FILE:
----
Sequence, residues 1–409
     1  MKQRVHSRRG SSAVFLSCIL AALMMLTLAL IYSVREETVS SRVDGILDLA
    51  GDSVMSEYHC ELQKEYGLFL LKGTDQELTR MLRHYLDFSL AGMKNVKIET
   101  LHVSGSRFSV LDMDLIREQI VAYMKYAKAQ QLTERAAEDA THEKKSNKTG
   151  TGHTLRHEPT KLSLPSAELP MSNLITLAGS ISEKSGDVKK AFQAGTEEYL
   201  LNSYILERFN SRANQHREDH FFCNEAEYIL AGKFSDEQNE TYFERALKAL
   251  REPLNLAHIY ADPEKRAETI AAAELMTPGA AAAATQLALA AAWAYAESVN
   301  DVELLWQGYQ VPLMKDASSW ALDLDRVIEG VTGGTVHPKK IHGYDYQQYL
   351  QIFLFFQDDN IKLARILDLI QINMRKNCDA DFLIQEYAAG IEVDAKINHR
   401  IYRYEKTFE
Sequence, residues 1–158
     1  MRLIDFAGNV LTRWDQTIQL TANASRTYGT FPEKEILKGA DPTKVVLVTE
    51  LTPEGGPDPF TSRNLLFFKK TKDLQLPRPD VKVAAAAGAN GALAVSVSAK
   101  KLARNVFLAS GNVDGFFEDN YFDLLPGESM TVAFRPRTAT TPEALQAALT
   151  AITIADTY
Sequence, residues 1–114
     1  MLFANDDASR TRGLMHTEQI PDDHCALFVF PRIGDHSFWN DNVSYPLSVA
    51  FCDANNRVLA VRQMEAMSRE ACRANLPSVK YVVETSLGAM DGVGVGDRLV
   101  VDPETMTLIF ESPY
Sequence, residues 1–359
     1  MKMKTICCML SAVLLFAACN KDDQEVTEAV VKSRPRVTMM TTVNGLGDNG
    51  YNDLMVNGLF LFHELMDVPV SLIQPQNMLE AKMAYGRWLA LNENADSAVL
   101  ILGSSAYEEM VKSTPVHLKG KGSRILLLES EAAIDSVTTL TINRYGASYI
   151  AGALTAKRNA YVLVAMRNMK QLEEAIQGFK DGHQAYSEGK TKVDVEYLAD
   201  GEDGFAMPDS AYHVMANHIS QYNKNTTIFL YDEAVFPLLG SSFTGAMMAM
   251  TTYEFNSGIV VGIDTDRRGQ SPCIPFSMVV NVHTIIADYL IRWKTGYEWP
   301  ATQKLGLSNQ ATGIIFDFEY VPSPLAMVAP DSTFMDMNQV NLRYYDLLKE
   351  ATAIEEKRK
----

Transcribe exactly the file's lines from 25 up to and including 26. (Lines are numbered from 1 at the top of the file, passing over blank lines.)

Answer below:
   201  GEDGFAMPDS AYHVMANHIS QYNKNTTIFL YDEAVFPLLG SSFTGAMMAM
   251  TTYEFNSGIV VGIDTDRRGQ SPCIPFSMVV NVHTIIADYL IRWKTGYEWP